Mortality among people with HIV has continued to decline over time as antiretroviral treatment and access to care has improved, but gender and racial disparities still persist, according to recent research published in Open Forum Infectious Diseases. However, another study found that racial/ethnic gaps in antiretroviral prescription appear to have closed.

Rachael Pellegrino, MD, MPH, of Vanderbilt University Medical Center in Nashville, and colleagues analyzed all-cause mortality and premature death among more than 6,500 people with HIV who received care at the Vanderbilt Comprehensive Care Clinic between January 1998 and December 2018.

Nearly 80% of the participants were men, about half were white and 40% were Black. A total of 956 people (15%) died during the study period. Premature death was calculated using U.S. life expectancy data.

The researchers compared outcomes during two eras: 1998 to 2003, after protease inhibitors (first approved in 1995) and effective combination therapy became available; and 2014 to 2018, when advances in antiretroviral therapy had made treatment more effective, better tolerated and easier to take.

After adjusting for age and other factors, people who received care during the later era had a 78% lower risk of death than those in care during the earliest period. Overall, women had an increased risk of death compared with men. Among those who died, Black women had the highest premature mortality—the largest number of years of potential life lost—followed by Black men, white women and white men.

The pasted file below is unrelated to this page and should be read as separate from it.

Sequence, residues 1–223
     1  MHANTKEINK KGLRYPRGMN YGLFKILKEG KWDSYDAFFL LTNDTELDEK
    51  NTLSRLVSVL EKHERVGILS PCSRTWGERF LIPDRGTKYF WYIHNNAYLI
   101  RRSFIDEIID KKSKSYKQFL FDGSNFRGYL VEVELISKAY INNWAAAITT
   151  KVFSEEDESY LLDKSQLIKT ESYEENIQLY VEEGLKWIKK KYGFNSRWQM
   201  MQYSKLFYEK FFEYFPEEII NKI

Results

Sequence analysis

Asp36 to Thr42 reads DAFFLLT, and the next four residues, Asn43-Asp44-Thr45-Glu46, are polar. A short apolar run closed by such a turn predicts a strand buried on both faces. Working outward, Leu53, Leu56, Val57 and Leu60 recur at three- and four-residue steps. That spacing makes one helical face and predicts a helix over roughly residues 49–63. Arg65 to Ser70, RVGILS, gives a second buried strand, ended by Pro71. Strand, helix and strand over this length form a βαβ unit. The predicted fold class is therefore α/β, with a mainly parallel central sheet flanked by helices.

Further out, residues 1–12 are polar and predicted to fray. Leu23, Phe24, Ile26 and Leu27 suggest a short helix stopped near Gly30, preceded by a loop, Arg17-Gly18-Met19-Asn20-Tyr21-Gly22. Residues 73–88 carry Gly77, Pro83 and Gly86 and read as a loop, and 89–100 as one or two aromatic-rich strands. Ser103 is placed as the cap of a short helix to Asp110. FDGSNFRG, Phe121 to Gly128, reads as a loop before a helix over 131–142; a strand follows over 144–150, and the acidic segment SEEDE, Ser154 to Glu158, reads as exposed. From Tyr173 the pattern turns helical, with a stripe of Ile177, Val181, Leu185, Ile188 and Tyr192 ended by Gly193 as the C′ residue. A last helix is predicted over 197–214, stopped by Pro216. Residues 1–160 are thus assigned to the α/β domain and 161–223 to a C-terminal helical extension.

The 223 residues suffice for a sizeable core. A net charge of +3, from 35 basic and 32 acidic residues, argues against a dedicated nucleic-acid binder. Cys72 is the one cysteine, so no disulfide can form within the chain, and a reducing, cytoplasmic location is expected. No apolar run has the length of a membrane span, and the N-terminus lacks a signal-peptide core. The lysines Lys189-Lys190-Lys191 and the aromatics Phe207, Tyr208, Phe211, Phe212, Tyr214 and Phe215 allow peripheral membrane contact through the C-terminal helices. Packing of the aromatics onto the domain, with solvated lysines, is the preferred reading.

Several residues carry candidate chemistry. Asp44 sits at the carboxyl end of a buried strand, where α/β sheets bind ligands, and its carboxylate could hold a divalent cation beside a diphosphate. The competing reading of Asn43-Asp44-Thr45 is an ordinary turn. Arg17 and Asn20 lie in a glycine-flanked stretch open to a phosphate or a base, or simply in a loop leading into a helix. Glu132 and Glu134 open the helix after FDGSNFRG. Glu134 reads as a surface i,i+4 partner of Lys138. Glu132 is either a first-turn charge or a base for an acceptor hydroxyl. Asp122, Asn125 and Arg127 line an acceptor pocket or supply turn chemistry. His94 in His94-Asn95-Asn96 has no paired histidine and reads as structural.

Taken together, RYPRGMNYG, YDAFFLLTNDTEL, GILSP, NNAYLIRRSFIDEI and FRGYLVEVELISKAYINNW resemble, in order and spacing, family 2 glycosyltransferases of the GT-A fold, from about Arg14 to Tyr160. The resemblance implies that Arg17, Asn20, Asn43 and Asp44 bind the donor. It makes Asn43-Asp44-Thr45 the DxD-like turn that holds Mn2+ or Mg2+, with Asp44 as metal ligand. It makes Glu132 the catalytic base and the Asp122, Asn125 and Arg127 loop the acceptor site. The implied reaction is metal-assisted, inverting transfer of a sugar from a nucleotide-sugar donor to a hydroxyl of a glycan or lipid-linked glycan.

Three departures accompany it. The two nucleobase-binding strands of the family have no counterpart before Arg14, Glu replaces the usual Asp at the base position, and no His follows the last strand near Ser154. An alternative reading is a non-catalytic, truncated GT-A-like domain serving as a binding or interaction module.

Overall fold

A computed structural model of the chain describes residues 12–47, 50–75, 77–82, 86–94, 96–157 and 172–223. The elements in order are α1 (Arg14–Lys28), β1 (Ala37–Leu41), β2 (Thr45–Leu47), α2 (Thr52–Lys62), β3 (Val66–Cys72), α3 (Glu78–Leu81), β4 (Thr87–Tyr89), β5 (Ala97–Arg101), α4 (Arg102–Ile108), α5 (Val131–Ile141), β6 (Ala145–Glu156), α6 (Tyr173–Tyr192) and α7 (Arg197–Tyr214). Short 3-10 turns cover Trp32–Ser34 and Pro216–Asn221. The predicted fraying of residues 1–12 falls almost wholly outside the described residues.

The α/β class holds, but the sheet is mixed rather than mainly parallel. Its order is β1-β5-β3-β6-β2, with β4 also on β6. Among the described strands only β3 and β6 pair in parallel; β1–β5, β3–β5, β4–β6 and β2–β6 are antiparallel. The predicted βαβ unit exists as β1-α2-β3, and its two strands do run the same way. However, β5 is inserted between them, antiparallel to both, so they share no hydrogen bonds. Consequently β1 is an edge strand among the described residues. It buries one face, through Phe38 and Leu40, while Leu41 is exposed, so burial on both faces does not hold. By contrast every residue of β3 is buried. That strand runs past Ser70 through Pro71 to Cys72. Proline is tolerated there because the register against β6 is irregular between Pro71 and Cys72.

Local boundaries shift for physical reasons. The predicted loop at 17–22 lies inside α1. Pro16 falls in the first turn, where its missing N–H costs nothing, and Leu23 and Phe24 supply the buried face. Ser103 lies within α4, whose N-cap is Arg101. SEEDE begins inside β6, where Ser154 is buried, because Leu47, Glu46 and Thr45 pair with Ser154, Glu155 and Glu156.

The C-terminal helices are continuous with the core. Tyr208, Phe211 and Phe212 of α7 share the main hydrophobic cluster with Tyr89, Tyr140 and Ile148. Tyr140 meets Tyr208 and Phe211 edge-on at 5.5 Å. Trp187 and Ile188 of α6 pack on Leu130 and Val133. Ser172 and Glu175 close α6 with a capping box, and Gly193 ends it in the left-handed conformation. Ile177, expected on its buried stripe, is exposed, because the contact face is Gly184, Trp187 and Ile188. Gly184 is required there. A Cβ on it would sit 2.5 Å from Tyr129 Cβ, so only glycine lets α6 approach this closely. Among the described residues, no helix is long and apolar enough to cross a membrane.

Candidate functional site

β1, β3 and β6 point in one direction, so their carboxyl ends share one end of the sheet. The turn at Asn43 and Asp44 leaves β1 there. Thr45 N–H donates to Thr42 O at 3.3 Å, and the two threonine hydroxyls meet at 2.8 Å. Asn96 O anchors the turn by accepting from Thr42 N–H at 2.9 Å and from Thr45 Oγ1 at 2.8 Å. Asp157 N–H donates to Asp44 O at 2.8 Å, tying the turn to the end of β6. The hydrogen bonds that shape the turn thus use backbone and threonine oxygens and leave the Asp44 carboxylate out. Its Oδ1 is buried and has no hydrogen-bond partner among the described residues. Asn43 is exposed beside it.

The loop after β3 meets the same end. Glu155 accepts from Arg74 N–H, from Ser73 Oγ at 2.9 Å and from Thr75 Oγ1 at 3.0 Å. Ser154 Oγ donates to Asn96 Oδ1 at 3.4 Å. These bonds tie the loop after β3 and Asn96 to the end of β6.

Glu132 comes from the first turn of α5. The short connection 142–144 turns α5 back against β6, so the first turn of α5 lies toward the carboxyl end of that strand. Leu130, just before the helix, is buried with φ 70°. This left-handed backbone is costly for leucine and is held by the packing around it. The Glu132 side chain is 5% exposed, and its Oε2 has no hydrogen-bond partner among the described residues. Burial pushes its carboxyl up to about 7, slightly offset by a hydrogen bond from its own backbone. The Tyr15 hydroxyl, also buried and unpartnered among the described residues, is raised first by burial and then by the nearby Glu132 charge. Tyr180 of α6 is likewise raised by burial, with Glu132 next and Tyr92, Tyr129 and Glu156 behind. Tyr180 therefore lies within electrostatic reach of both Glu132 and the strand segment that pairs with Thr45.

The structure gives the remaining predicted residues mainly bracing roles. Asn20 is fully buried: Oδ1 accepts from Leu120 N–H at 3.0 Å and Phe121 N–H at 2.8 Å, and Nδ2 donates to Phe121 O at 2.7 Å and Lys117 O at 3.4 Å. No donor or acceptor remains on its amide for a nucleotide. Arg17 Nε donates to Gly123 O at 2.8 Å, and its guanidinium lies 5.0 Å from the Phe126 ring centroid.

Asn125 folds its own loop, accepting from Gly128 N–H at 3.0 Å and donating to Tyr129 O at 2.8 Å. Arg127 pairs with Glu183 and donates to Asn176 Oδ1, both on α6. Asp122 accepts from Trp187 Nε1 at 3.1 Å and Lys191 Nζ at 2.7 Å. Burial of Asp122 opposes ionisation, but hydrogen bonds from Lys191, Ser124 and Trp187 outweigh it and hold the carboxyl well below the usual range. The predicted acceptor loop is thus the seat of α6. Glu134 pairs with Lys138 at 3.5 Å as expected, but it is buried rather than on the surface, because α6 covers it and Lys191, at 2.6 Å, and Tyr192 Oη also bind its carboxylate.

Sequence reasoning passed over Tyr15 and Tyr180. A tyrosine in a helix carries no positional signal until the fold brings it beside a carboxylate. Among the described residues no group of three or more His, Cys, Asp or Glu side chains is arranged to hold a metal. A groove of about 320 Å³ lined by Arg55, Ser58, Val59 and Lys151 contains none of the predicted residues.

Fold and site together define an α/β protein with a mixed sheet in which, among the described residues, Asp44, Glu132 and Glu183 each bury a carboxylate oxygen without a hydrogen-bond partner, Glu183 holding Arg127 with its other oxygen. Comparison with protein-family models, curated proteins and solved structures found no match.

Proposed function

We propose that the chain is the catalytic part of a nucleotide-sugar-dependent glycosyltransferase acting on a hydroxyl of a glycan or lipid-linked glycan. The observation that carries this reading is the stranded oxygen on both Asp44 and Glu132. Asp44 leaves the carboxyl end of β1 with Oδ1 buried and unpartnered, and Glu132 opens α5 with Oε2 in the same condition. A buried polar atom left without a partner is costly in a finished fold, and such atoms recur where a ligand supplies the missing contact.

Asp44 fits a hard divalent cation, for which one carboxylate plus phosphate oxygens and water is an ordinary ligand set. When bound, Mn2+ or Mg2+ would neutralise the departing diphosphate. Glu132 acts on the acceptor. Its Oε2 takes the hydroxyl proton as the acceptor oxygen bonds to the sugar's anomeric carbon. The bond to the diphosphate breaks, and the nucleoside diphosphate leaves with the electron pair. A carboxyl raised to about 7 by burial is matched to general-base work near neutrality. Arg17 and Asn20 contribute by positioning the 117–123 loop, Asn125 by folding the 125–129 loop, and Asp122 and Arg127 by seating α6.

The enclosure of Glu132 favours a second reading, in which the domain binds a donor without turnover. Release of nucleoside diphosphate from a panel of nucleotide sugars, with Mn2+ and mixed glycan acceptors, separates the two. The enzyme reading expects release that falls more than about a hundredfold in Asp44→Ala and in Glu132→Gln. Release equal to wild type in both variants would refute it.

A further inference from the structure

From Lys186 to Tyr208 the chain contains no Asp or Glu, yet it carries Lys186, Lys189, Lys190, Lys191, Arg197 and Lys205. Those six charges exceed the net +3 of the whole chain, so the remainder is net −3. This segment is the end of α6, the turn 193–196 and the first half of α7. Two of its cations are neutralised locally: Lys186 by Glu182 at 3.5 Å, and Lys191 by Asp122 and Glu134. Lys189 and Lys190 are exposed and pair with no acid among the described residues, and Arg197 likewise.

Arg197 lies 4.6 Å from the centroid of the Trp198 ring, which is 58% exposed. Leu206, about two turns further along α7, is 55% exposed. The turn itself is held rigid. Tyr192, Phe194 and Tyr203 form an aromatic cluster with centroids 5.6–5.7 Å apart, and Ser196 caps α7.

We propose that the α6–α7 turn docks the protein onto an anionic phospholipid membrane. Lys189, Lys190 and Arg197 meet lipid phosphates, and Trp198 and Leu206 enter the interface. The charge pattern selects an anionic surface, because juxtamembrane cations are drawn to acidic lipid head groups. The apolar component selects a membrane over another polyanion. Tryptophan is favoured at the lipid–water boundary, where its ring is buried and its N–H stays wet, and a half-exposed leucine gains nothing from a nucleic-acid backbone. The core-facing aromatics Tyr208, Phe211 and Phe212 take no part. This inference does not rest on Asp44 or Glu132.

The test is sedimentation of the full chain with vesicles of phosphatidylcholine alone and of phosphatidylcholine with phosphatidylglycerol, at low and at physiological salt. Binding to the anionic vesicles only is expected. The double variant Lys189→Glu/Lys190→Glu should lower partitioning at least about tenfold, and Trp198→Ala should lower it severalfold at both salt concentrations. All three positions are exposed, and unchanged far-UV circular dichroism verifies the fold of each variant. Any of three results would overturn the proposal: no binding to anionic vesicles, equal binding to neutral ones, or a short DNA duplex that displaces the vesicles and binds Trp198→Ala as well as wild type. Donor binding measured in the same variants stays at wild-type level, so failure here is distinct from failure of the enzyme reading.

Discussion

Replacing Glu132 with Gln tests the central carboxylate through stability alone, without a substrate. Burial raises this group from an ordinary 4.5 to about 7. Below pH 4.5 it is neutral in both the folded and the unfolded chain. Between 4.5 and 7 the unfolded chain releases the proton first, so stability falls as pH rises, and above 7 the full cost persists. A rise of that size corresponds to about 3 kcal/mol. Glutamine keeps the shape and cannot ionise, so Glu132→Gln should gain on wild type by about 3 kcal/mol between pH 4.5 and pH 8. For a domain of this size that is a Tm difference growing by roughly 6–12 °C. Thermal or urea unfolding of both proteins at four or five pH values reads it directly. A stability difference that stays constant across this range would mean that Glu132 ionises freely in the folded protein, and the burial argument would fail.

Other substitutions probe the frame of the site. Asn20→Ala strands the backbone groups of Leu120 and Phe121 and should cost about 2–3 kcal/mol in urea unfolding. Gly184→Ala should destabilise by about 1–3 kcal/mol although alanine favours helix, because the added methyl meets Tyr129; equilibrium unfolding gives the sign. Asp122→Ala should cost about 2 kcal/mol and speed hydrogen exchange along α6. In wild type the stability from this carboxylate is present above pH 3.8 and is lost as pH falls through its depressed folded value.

“Despite marked improvement over time, sex disparities in mortality as well as sex and race disparities in years of potential life lost remained among people with HIV in this cohort,” the study authors concluded.

One factor that affects outcomes is whether people have access to the latest HIV treatment.

Lauren Zalla, PhD, of the University of North Carolina at Chapel Hill, and colleagues looked at differences in initial antiretroviral therapy prescription for people entering HIV care in the United States.

This retrospective observational study included nearly 43,000 individuals who started care at more than 200 clinical sites participating in the NA-ACCORD collaboration between October 2007—when the first integrase inhibitor, Isentress (raltegravir), was approved—and April 2019. Of the 41,263 people with available information on race/ethnicity, 47% were Black, 33% were white and 16% were Latino. Most (85%) were men, and the median age was 42 years.

Here, too, the researchers compared two time periods: 2007 to 2015 and 2016 to 2019. During most of the earlier period, guidelines still recommended starting treatment based on CD4 count. In 2012, national guidelines were revised to recommend treatment for everyone diagnosed with HIV regardless of CD4 count. In 2015, the START trial provided definitive evidence that early treatment initiation, before immune function substantially declines, leads to better outcomes.

As reported in JAMA, the overall probability of receiving a prescription for antiretroviral therapy did not differ significantly according to race/ethnicity. During the earlier time period, 45% of Black people, 45% of white people and 51% of Latino people were prescribed treatment within one month after entering care. During the later period, the likelihood of receiving a prescription rose to 68%, 66% and 71%, respectively.

Black and Latino people were significantly less likely than white people to receive a prescription for an integrase inhibitor during the earlier period, but the gap closed over time.

Between 2009 and 2014, when integrase inhibitors were approved but not yet recommended in national guidelines, 22% of white people received these drugs, compared with 17% of Black people and 17% of Latino people. Between 2014 and 2017, after guidelines added integrase inhibitors as a recommended option, Black people were still less likely to receive them than white people, but Latinos caught up. Between 2017 and 2019, after guidelines made integrase inhibitors the single preferred option for first-line therapy, these racial and ethnic disparities disappeared.

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